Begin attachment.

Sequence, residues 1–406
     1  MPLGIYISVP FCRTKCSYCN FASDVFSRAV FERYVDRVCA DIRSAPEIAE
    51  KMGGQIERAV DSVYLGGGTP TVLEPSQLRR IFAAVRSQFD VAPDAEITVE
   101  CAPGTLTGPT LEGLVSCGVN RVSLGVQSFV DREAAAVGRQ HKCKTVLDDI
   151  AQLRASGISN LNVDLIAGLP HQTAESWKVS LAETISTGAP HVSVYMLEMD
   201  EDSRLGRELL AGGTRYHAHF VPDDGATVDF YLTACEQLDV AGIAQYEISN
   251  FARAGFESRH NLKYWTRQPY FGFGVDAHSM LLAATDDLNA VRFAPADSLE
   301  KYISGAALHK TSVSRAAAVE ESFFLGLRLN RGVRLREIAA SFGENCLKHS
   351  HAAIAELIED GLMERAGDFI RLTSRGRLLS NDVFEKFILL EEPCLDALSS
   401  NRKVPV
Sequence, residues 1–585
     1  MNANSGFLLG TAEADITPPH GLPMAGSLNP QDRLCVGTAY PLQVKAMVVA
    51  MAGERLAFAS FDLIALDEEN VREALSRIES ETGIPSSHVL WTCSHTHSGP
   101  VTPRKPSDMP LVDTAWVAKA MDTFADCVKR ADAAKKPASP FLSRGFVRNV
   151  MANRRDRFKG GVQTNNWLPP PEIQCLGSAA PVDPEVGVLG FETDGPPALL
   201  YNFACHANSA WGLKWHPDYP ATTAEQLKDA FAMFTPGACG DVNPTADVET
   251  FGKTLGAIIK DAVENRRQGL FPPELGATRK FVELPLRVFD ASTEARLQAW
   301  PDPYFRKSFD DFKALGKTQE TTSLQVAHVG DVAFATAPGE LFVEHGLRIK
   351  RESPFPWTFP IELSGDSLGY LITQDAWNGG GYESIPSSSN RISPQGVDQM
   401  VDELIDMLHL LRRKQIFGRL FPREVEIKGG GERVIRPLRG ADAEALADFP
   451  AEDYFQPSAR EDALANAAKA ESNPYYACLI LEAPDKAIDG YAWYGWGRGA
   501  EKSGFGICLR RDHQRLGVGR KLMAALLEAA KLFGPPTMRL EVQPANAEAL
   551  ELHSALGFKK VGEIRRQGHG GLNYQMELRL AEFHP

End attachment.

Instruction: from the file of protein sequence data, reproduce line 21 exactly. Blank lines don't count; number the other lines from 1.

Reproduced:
   451  AEDYFQPSAR EDALANAAKA ESNPYYACLI LEAPDKAIDG YAWYGWGRGA